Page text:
[AMRadio] Amateur radio privileges and policy discussions

D. Chester k4kyv at charter.net
Tue Mar 23 21:43:40 EDT 2010

Regarding the inappropriate political comments and topics that have appeared 
on this board recently, one thing we have to keep in mind that amateur radio 
is inexorably attached to government policy and that means, to a large 
degree, politics.  Since we are directly governed by the Communications Act 
and federal regulations, amateur radio is probably involved with federal law 
(acts of Congress) and Executive branch decisions more than any other hobby 
in existence, equally or even more so than such interests as hunting rights, 
gun ownership and flying private aircraft.

The problem we have seen here appears when people often try to subtly, or 
not so subtly, inject comments and oblique references to support their own 
political agenda or point of view, on highly controversial topics that have 
nothing remotely to do with AM or amateur radio. I read the newspaper.  I 
listen to the radio.  I follow a few politically oriented blogs on the 
internet. I even watch a little TV every now and again. The point is, I 
already hear and see enough national politics via other media on a daily 
basis, and I see no need to follow this message board to read more of the 
same. Unfortunately, the lunatic fringe of every conceivable political 
persuasion have succeeded in whipping the public into such frenzy, that many 
folks see political evil in everything imaginable, or share the delusion 
that all ills of society can be cured by blindly adhering to some 
questionable political ideology.

I think it not only desirable, but IMPERATIVE that we openly discuss 
government policy and political shenanigans in the context of amateur radio 
privileges and the status of the AM mode. Inevitably, some of this will 
relate to decisions by politicians in Washington. With the advent of 
computers and the internet, whenever something potentially affecting our 
operating privileges pops up, whether in the form of FCC proposals, 
Rulemaking Petitions submitted to the FCC, ARRL policy decisions, 
enforcement actions, acts by  large corporations or whatever, within a 
matter of hours a large portion of the amateur community will be aware of 
it.  Compare this to the pre-internet days when we had to rely on printed 
media to disseminate such information.  Often, the deadline for filing 
comments to the FCC would have already expired by the time the news first 
appeared in mainstream publications like QST and CQ. We had to depend on 
newsletters like ARRL Letter, H/R Reports, W5YI Report and The AM 
Press/Exchange for timely information.

If the AM community had not become politically involved during the FCC's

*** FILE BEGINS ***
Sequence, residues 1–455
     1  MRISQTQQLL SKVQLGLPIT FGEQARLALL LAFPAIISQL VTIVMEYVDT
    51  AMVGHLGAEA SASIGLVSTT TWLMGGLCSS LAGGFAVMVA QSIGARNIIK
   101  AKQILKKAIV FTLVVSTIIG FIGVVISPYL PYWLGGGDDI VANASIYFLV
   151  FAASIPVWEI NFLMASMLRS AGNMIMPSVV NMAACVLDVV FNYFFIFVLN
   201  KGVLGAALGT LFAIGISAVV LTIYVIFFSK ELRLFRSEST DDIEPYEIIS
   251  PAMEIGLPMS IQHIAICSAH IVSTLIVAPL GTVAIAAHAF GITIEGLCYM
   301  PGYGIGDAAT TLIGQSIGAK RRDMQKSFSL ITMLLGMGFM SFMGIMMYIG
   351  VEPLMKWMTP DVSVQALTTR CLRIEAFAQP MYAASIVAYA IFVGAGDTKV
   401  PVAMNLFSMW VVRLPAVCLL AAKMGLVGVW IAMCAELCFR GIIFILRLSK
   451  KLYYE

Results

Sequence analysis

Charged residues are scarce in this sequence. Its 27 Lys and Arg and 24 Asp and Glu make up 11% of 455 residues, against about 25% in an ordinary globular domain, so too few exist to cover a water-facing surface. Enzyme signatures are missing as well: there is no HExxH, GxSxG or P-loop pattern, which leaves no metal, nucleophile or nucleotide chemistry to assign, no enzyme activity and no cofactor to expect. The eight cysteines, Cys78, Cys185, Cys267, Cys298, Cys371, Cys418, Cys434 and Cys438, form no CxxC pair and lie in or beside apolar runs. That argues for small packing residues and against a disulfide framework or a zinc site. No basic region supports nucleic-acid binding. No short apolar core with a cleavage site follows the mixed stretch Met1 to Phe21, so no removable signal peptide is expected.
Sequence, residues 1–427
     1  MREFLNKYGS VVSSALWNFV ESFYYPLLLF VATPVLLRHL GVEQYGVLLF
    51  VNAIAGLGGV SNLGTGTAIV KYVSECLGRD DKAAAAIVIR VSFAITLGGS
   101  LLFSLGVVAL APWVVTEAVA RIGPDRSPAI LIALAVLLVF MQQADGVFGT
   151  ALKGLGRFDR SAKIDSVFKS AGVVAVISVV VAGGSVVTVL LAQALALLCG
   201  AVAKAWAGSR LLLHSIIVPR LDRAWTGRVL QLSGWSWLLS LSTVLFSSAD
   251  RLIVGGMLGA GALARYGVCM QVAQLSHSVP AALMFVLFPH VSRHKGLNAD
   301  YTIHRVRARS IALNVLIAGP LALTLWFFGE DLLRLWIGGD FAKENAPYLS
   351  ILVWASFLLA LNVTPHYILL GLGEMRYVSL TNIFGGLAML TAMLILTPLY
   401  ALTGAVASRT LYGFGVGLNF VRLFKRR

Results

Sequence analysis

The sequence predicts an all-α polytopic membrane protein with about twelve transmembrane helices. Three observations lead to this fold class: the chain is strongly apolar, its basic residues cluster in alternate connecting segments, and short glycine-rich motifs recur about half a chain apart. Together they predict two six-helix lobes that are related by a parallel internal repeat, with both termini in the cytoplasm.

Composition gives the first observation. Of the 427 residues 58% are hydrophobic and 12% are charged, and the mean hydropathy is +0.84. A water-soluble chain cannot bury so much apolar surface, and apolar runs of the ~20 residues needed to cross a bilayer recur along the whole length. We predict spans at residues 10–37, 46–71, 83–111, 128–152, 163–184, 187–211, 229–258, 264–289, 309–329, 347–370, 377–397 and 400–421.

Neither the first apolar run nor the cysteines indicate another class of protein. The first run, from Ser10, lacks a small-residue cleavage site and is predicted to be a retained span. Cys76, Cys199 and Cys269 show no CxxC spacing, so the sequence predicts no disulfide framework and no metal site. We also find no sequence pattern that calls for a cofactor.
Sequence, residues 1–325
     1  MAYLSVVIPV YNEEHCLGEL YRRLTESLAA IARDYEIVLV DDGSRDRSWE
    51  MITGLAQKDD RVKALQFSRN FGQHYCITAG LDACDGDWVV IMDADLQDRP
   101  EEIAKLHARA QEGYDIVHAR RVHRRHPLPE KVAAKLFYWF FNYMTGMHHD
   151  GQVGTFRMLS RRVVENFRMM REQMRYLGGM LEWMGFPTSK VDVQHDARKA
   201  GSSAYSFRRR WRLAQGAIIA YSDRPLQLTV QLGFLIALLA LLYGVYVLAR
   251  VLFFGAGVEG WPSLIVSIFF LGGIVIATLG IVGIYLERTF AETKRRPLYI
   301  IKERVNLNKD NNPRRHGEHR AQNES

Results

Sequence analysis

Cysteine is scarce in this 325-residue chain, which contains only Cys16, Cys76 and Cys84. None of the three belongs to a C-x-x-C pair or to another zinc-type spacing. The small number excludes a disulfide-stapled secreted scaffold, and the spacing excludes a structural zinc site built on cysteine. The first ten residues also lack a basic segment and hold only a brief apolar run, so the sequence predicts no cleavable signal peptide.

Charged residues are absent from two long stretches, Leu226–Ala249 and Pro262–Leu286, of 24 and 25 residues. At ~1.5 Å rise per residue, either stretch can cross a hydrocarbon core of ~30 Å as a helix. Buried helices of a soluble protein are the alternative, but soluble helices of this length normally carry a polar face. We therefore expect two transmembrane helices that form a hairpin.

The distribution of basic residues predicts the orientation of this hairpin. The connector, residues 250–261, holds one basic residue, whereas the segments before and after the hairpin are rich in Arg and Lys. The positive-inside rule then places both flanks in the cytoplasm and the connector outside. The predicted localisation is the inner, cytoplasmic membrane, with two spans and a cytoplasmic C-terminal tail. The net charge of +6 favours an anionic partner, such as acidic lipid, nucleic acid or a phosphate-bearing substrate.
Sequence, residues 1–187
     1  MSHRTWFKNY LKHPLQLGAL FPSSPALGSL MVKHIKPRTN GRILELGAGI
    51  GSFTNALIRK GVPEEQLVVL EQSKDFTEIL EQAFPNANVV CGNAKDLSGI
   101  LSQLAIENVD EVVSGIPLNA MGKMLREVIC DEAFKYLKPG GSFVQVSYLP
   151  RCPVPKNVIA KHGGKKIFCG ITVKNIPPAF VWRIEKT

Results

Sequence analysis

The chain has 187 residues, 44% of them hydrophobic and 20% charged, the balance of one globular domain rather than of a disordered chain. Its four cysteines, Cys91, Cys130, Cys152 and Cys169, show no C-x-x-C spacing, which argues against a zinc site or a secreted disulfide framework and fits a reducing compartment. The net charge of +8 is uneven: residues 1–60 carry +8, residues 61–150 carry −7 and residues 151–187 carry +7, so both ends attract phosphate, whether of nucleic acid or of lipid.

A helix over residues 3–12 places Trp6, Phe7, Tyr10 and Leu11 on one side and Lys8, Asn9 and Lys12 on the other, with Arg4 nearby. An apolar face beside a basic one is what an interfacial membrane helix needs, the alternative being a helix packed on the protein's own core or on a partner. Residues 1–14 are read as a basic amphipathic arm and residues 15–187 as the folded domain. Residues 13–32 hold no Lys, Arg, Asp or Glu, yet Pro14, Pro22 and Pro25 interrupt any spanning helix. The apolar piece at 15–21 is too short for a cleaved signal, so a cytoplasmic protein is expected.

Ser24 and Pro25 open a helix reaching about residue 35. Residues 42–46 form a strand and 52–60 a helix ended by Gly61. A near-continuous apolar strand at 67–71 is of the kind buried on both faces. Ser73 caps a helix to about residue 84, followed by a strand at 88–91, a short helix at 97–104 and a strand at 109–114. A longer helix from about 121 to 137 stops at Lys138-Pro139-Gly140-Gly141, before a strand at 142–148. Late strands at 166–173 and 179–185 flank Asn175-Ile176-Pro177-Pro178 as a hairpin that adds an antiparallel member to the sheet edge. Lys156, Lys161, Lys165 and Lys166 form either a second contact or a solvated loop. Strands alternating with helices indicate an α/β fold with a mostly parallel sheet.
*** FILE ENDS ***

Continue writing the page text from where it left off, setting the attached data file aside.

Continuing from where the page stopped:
Docket-a-Month era that ran roughly from 1974 to 1990, and had not mounted 
widespread opposition to anti-AM petitions and Dockets like 20777 and its 
ilk, there would be no AM on the amateur bands to-day. Reportedly, FCC 
officials were "shocked" at the degree of opposition to bandwidth Docket 
20777 resulting from its proposal to outlaw AM on all frequencies below 28 

Right now, I believe our greatest threat is not that the FCC might outlaw AM 
or that commercial interests will take our HF bands away at the next WARC 
(although we must always keep our eyes open for any such indications); our 
greatest concern at the moment has to be the proliferation of cheap, poorly 
designed consumer products and other technology that unnecessarily pollutes 
the HF spectrum with buzzies and hash.  Just a few examples include BPL, the 
new digital/LED traffic signals, plasma TV's, touch lamps, HomePlug gadgets, 
and whatever new product came on the market this morning to spew additional 

If discussions on the AM and amateur radio message boards, email reflectors 
and over the air is to be limited to technical topics, equipment exchanges 
and trivial chit-chat because everyone is fearful of  becoming too 
"political", we might just as well kiss AM and amateur radio as we know it 
good-bye now, while the kissing is good. Regarding this forum, I suggest 
laying off the snide remarks, wisecracks and end-run non-radio related 
political statements that have lately been slipping into numerous threads 
and topics, without hesitating to bring up any subject that might involve 
our radio operation.

For those who enjoy openly discussing politics with fellow amateur radio 
operators, I suggest QRZ.com. They have a closely moderated forum called 
"Political Junkies" specifically designed to allow political talk while 
keeping it off their other, amateur radio related forums. In order to post 
messages, one must sign up separately from the other forums and explain to 
the satisfaction of the moderators why you want to join, and those who 
violate prescribed policy may find themselves banned from PJ even though 
they may still be allowed to participate in the other QRZ.com forums.  Go to 

Don k4kyv


This message was typed using the DVORAK keyboard layout.


More information about the AMRadio mailing list

This page last updated 25 Feb 2018.